Reform Judaism magazine interviewed Rabbi Kevin M. Kleinman, the associate rabbi of Reform Congregation Keneseth Israel in Elkins Park, PA, and a member of the Jewish environmental organization Hazon’s Shmita Project Network.
Shmita, defined as “release,” is in essence Judaism’s prescription for maintaining economic, environmental, and social balance in the world. It is as timely this year, shmita 5775, as it was 3,000 years ago, when it first emerged.
In the seventh year, after six years of farming the Land of Israel, our ancestors relinquished control over all they owned and owed. At least in principle, according to the biblical commandments (see “The Biblical Roots of Shmita”), the planting of crops ceased, the poor and hungry gleaned food from the land, Hebrew slaves were freed, and debts between Israelites were forgiven.
The idea of release underlied all shmita observance. Literally, slaves were released. But farmers, too, were released from grueling daily tasks. Food growing naturally in fallowed fields was shared equally among rich and poor, so the needy were released from worry about survival. The land itself was released from having to nurture seeds planted within it.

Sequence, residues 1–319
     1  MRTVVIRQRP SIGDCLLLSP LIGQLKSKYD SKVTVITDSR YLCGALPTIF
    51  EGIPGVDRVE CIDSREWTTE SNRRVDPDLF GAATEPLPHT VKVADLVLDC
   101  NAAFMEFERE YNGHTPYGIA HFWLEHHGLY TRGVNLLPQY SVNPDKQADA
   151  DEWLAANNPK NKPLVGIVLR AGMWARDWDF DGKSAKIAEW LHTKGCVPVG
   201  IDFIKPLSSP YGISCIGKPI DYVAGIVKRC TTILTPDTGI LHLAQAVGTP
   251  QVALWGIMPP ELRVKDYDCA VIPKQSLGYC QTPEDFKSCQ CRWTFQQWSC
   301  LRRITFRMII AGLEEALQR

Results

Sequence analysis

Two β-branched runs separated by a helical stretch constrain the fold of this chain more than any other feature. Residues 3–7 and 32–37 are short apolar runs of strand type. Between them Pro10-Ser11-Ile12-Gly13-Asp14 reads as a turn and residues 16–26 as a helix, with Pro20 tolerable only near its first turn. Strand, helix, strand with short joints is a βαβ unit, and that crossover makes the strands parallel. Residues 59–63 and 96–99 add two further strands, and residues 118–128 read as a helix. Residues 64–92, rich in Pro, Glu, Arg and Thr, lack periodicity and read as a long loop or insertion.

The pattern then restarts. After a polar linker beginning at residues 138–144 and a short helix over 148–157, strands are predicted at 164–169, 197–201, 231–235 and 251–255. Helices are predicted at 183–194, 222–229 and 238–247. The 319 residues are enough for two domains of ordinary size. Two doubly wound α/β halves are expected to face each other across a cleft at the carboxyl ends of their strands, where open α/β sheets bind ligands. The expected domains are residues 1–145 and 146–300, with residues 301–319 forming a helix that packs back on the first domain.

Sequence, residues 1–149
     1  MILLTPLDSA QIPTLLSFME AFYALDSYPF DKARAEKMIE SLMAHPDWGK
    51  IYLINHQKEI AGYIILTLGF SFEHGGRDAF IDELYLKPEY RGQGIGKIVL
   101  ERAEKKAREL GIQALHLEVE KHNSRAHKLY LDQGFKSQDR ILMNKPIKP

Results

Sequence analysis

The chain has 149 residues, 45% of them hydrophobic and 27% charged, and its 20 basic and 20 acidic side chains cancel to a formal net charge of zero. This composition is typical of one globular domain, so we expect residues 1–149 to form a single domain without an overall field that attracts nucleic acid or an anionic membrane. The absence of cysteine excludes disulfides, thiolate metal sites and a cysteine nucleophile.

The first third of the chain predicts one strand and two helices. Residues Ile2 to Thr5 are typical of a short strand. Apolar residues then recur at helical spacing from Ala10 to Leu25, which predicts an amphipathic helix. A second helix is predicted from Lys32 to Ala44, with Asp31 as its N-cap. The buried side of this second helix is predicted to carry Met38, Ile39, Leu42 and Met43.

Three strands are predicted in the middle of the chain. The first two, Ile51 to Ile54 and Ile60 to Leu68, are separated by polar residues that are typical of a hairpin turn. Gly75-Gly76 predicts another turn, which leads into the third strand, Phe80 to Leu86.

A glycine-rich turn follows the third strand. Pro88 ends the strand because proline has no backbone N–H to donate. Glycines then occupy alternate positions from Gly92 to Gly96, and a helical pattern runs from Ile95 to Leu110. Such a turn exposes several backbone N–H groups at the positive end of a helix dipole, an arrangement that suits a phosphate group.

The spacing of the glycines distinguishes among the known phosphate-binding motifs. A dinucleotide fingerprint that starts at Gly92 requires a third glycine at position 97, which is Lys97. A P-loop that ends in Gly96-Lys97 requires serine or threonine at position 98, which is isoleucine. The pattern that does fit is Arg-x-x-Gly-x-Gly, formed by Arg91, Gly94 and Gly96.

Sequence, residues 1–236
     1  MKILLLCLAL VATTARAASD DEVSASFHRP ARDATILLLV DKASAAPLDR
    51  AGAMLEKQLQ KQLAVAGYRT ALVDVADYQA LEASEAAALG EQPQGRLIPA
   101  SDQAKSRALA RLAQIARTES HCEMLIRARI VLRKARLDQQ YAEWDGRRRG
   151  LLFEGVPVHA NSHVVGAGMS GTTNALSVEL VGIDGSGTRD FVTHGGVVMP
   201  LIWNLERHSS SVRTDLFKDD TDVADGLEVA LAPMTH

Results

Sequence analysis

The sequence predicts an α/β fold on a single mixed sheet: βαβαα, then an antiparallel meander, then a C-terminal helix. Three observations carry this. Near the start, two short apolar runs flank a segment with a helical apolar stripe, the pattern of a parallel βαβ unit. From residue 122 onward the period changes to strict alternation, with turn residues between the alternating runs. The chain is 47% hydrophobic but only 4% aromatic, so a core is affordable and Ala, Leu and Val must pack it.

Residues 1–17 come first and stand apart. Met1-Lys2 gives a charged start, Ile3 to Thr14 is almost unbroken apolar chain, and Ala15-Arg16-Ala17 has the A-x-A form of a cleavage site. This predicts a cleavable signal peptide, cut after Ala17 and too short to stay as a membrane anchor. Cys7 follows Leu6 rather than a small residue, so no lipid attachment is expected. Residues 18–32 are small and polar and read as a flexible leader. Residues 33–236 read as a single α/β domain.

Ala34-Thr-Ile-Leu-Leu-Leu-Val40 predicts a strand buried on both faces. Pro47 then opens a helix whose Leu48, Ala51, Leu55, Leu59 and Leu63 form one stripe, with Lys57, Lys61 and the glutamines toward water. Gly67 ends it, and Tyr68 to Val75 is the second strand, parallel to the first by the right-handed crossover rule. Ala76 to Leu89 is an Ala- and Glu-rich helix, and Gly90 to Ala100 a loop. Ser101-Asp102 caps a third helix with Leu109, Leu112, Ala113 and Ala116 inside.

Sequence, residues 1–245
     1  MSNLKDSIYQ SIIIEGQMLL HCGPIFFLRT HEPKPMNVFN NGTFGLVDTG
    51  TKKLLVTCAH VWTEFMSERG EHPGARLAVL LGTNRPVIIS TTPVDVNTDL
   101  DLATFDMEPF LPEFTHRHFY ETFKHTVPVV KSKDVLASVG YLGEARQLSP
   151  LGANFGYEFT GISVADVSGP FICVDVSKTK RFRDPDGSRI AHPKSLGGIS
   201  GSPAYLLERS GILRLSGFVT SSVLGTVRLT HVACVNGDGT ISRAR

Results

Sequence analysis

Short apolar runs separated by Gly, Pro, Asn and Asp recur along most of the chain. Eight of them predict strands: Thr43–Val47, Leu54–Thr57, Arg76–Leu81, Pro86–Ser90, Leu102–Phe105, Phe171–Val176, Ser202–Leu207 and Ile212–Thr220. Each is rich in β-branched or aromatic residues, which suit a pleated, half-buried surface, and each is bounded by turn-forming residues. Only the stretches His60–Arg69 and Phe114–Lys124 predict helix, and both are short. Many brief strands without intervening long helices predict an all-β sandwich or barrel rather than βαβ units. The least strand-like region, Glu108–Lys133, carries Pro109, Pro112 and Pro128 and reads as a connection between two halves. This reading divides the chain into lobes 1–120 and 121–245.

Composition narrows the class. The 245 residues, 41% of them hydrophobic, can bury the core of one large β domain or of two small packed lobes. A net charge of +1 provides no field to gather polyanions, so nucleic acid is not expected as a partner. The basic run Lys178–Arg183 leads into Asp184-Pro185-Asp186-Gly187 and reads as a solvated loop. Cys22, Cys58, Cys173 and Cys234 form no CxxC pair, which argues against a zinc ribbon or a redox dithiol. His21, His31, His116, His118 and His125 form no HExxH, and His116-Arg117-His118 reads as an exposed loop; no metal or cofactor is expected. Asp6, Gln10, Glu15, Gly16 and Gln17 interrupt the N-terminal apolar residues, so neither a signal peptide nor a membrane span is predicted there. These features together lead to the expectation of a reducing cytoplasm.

Metaphorically, shmita called forth the vision of return to the Garden of Eden, a land of abundance unmarred by inequities in wealth and property. Exile from the garden led to the development of agrarian society, in which private property was created, and food storage led to wealth, dividing those who had sustenance and those who did not.
Shmita was conceived as a corrective to such inequalities, reorienting society every seven years from an economy based on the acquisition of private property to one of communal responsibility to provide for all. It also aimed to lift up those on the lowest rungs of the social ladder, starting them with a clean slate from which to turn their lives around.
Today, when even greater disparity exists between the “haves” and the “have nots,” we Reform Jews can reclaim this essential biblical mandate on our own terms to help create a more compassionate and just society.